I'm Right Again Dot Com
A new commentary every Wednesday — January 20, 2016
THE BIG SHORT: Inside the doomsday machine
Like many of you, I have gone to see a movie after reading the book on which the film is based. This time, I saw the highly acclaimed film, "The Big Short" and then immediately purchased the book by Michael Lewis. It is non-fiction, and I must warn you, that from the very first chapter in the book and frame of the film you are immersed in a foreign language that few of us have encountered. I am surprised that such arcane terminology could find an audience.
Every once in a while a narrator looks at you through the camera lens and gives you a hint of the financial hanky-panky going on with "Credit Default Swaps" in relation to "Subprime Mortgage Bonds." I'll try and save you the agony of my trying to translate that.
Herein, I'm just going to touch on the fact that ten years ago, great financial institutions on Wall Street became rather quickly and enormously involved in loaning vast amounts of money to poor credit risks.
The author of "The Big Short," Michael Lewis, does not portray the heads of those magnificent institutions as being dishonest. Just stupid. They would not believe their own bean counters.
A few numbers-crunchers pouring over data available to everyone became fantastically wealthy...and I can't stress this word more greatly in my discourse: Legally—by predicting a collapse of the house of cards constructed of subprime housing mortgages and betting against the conventional wisdom then prevalent on Wall Street.
As to the book and film's title: many of us know what "selling short" is, don't we? For example, since the beginning of time you could borrow some eggs from your neighbor when they are $1.00 a dozen and when the price drops to 50 cents a dozen, you purchase them in a store at that price and hand them over to the neighbor. The world of finance has numerous ways of helping one to do this. Ostensibly, the products were designed to be a hedge or insurance against a sudden market downturn.
The best way to describe these "products" in this instance is to call them "artificial securities based on piles of doubtful mortgages" (A quotation taken from Michael Lewis's book.)
The primary problem is that major financial institutions did not realize the danger involved because they were too busy sucking in huge numbers of home buyers who were not credit-worthy.
Things were perking along pretty well when the Federal Housing Authority agencies: Fannie Mae, Freddy Mac and Ginny Mae were guaranteeing that a certain amount of a home loan was bound to be paid the loaning institution.
By the end of 1999 what no longer was being applied to the home loan mortgage business was "regulation." Lenders became less and less rigid in qualifying people who could not make mortgage payments if they suffered unemployment or any other financial speed bump. But, why worry about loan repayment when the risk could be spread among a huge pool of borrowers? That was next.
Ostensibly, profits would cover the folks who couldn't fulfill their financial obligations. This mythic hope was found to be untrue.The problem was first forecast by a stunningly high delinquency rate in the pools of debtors, a fact that was not highly publicized by anyone charged with doing so. Yet, neither did anyone hide the data. Let's just say it was not high-lighted.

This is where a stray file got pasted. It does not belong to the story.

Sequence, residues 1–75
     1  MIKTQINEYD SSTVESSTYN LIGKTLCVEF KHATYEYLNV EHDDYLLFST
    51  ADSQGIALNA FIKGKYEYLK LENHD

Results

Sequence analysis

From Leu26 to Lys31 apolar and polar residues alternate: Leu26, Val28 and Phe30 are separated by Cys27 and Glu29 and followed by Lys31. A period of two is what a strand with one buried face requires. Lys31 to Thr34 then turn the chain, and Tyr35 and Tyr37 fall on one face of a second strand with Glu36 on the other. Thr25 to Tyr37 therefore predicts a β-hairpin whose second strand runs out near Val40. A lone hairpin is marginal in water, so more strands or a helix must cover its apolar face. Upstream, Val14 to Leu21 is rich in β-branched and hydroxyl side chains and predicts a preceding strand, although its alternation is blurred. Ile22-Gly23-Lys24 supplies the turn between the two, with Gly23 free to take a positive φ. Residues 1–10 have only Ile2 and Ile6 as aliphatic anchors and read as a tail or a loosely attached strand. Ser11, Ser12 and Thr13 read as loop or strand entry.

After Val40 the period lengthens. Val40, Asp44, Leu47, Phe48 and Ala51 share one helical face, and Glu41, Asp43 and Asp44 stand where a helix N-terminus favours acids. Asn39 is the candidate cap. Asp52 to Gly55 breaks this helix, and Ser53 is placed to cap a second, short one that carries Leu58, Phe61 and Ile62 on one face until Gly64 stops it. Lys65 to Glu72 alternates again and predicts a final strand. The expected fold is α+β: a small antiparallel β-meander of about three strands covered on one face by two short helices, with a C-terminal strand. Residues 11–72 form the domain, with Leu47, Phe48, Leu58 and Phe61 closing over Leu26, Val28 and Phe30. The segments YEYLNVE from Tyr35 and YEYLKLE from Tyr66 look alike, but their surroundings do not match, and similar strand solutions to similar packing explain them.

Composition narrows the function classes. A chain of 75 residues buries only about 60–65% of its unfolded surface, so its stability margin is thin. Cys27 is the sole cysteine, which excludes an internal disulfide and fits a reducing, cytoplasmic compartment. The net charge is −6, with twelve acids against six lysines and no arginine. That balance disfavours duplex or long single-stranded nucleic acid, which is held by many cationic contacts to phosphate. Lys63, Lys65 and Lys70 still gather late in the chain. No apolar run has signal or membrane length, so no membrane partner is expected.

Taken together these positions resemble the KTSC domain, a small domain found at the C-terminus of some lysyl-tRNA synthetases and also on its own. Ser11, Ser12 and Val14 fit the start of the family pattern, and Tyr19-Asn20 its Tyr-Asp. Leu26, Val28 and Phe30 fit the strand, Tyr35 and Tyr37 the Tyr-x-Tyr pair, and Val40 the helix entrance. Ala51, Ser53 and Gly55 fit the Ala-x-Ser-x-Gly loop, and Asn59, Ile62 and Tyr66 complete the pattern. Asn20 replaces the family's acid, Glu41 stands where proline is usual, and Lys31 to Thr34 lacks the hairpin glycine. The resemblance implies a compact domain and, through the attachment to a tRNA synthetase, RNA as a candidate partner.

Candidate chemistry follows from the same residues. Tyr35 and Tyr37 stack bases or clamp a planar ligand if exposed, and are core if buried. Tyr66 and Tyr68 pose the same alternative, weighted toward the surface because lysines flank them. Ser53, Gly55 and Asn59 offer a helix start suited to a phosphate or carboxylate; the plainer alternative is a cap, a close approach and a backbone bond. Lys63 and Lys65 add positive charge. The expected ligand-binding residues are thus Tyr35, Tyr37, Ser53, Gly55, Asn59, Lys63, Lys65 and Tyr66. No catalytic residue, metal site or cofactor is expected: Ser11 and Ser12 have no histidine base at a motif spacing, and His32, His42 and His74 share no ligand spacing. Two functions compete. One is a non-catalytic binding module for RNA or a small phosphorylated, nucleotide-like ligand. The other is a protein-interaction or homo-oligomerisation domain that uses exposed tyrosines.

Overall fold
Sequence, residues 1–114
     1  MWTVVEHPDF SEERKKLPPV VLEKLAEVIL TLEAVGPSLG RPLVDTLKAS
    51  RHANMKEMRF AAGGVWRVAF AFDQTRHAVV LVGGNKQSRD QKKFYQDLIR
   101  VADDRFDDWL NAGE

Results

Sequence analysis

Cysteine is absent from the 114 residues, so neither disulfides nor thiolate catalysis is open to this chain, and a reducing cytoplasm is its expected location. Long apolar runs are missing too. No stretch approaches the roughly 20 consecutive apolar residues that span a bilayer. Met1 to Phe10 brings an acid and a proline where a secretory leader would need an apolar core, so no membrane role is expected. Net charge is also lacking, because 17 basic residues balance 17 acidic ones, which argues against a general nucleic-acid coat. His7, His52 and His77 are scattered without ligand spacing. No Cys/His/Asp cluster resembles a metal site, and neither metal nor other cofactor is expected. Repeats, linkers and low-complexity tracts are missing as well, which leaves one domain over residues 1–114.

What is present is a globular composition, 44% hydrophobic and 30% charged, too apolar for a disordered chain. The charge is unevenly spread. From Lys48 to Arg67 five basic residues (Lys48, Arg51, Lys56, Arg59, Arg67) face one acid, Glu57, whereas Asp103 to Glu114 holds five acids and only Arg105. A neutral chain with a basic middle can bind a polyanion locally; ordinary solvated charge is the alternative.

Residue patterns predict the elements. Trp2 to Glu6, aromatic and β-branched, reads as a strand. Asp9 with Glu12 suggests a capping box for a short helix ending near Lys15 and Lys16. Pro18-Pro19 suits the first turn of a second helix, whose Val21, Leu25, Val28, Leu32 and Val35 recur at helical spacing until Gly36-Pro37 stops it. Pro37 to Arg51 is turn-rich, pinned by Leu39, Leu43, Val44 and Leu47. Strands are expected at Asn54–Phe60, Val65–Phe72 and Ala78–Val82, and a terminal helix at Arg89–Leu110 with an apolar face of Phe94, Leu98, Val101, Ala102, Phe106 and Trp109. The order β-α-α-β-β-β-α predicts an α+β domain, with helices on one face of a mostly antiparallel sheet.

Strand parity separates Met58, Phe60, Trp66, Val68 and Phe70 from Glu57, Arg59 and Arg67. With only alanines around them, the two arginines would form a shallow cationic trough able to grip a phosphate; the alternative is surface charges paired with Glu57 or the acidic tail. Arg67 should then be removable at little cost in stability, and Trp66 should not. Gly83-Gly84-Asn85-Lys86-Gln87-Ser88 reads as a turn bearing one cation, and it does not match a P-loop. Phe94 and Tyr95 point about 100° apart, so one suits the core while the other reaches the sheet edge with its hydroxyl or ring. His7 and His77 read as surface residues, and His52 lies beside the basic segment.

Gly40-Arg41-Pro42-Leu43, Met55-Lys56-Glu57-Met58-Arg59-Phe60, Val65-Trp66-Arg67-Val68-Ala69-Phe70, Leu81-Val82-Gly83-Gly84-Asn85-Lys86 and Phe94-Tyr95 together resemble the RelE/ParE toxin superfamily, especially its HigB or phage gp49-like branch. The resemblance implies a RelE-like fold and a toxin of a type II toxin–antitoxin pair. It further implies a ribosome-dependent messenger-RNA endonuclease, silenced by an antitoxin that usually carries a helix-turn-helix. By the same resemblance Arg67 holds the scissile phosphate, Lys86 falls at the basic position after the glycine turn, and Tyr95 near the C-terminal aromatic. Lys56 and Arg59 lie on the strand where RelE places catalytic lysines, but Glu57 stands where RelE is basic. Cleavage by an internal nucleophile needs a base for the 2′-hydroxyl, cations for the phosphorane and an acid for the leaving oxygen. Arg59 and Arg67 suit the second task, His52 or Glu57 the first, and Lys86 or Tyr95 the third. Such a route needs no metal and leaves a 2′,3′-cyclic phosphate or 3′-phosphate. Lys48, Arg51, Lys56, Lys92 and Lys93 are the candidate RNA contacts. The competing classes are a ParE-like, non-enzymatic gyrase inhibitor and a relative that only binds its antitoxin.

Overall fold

Instead, armies of new peddlers in the brokerage houses were urged to forget those stiff-necked appraisers for the Federal Housing Authority. Advertise heavily and write a mortgage contract with anyone and everyone who comes in the door. Then. make big, quick profits by packaging these loans as bonds and sell them to investors—many of whom were little start-up financial companies. (That no longer exist.)
Things got crazy quickly. In 2000, there were $130-billion in subprime mortgages written with $55-billion repackaged as mortgage bonds. By 2005 this had exploded to $625-billion in subprime mortgages, $507-billion (that's more than a half trillion dollars) of which was converted into mortgage bonds. In short, the subprime real estate bond market dwarfed everything else going on in the banking business, and this monetary colossus was built on sand...like a flimsy jetty on the New Jersey shore, just as a gigantic financial hurricane was forming in the Atlantic. You get the picture?
Hold this thought: A bond market was inexplicably tied to the incomes of thousands and thousands of unqualified borrowers who really should not have been approved for a loan—particularly one with a "variable interest rate." One boost in interest on their variable monthly payment plans and BOOM! (or SPLASH) they were "under water."
Full Stop. A very small number of bean counters who realized that a perfect storm was coming made billions legally, by betting against the conventional wisdom prevalent among the Big Money Boys in the investment banks—using instruments available to everyone, to sell short in the subprime housing bond market.
I may have lost you by now, but what you ought to take away from this screed is: The problem that needs fixing, the one that caused we taxpayers to have to pay off the horrendous mistakes of the overpaid heads of financial institutions "Too Big to go Broke," is De-Regulation. We need another Teddy Roosevelt, a president able to convince both political parties that a regulatory regime is needed that is capable of protecting us... from ourselves.
Richardson, Observer of the human condition and storyteller. "He
goes doddering on into his old age, making a public nuisance of himself."
- Joseph L. Menchen
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